Nothing these guys or their Iraqis touch turns to anything but dross.

Remember when American officials were claiming that American casualties and the insurgency by “Baathist deadenders” (later “foreign fighters,” later…) was restricted to the “Sunni Triangle” (not, by the way, especially triangular, just one of these Vietnam-era images that leaped so readily to the minds of our leaders, even as they were vehemently claiming that there was nothing whatsoever Vietnamish about what was going on and that it was nothing short of disloyal to think so). Though only bare months ago, already it seems like ancient history. Sunday, for instance, the American casualty count of eleven dead extended from Kirkuk in the north (one American soldier killed, a bomb and small arms fire) to Ramadi, 60 miles west of Baghdad and “Sunni Triangle” territory (6 dead and 30 wounded, a mortar attack), to northwest of Baghdad where two more Americans died (no details given), as did two in the southern city of Amarrah, where a convoy was attacked by Shiite rebels with rocket-propelled grenades and small arms (“Through the night and into Sunday morning, Iraqis set fire to the long line of abandoned vehicles, jumping on the hoods and beating them with sticks,” reported the Associated Press.)

Civil war among Iraqis has long been predicted if American troops withdraw. Civil war among various parts of the American military and the civilians running the Pentagon may be the result if we stay — charges are flying between reservists and the regular military over those hideous prison photos; between the Marines and the Army over the recent battles in Iraq; between the military men who seem to have negotiated the Fallujah withdrawal deal on the ground and the Pentagon civilians who were evidently caught quite off guard by it; and I think it’s fair to assume that, within the military high command, feelings toward this administration and the Pentagon neocons aren’t exactly on the warm and fuzzy side right now, given the ridiculous — and unbearably dangerous — situation our troops have been maneuvered into.

There is no greater sign of the delamination underway — that crack-cocaine effect — than the sudden popping up of calls for withdrawal from all over the lot, after so many weeks of uniform stay-the-course-ism in official Washington and in the media. Senator Robert Byrd, until recently a lone voice in the wilderness, spoke of withdrawal indirectly but eloquently on the Senate floor (“How long will America continue to pay the price in blood and treasure of this President’s war? How long must the best of our nation’s military men and women be taken from their homes to fight this unnecessary war in Iraq?”); as did Howard Zinn, quite directly, in a moving essay, “What Do We Do Now?” in the Progressive magazine (“There is a history of dire forecasts for what will happen if we desist from deadly force… Truth is, no one knows what will happen if the United States withdraws. We face a choice between the certainty of mayhem if we stay and the uncertainty of what will follow.”), as did Stephen R. Shalom in Where Do We Go From Here?, a thoughtful exploration of possibilities, difficulties, problems and positions on the issue of withdrawal at the ZNET website.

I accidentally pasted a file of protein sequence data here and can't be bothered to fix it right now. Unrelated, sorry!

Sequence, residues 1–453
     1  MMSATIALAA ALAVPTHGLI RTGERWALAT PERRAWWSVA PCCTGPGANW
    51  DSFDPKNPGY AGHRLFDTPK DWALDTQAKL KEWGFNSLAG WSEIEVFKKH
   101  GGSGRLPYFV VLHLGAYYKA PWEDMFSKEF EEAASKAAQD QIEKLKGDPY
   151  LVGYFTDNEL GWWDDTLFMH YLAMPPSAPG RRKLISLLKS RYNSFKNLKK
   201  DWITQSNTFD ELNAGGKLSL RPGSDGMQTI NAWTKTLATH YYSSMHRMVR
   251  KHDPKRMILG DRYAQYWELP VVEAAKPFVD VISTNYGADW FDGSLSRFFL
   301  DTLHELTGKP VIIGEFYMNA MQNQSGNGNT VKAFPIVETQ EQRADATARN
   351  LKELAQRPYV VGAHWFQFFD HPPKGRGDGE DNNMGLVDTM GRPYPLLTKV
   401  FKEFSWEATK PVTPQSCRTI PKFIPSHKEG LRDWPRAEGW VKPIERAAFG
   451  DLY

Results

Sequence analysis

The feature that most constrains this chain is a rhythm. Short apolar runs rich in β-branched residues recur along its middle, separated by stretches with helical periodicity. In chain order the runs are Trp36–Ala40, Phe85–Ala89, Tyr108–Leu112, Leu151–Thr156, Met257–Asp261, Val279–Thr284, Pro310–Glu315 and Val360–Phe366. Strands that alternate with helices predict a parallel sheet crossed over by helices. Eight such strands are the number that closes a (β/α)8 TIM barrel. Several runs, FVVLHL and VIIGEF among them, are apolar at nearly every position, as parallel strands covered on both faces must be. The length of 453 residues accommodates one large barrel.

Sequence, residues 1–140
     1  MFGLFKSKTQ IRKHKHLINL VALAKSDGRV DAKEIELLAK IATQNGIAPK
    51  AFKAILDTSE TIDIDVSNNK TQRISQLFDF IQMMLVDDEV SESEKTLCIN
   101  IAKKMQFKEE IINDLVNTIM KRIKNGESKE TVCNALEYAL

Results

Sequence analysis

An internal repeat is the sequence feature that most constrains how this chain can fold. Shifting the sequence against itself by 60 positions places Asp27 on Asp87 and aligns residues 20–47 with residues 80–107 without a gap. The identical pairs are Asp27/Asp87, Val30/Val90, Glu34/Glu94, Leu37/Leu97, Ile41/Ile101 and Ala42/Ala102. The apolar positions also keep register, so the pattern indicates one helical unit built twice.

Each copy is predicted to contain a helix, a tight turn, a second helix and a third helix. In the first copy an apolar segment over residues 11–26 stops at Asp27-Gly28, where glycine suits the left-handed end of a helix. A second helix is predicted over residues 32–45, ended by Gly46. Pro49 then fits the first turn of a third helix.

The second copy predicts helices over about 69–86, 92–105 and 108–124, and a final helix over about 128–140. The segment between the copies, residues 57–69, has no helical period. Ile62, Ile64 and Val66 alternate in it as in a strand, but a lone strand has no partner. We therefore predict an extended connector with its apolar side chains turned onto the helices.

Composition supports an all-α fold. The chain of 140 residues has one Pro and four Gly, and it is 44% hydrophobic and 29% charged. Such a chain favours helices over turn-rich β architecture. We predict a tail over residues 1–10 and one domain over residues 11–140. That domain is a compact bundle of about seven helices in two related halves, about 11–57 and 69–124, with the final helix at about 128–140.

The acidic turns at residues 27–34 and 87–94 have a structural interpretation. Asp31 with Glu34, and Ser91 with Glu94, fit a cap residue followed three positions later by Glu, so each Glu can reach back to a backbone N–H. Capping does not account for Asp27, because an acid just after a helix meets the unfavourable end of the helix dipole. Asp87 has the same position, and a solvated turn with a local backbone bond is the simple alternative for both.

But it wasn’t only among the usual suspects that such calls were heard. On Sunday, in the lead article of the (admittedly liberal) San Francisco Chronicle were paragraphs I thought I might never live to see on the front page of a mainstream newspaper. The piece written by Robert Collier, who has delivered consistently fine Iraqi news coverage to the Chronicle, led with the following:

“As the U.S.-led occupation of Iraq stumbles from one problem to the next, suddenly everything seems to be up for grabs, and an administration that once seemed sure of its goals and its strategy now appears to be trying anything that might work.

“Having long resisted calls for United Nations involvement, the White House is now embracing it, expecting the world body to come up with a political solution that has evaded the United States. But with the chaotic surge in fighting and the growing discontent of ordinary Iraqis, even staunch supporters of the United Nations say it may not have the capacity to stop Iraq’s meltdown. And as the U.S. occupation prepares to hand over sovereignty to the Iraqis on June 30, calls are increasing for what until now has been widely viewed as unthinkable — a full-scale American troop withdrawal.”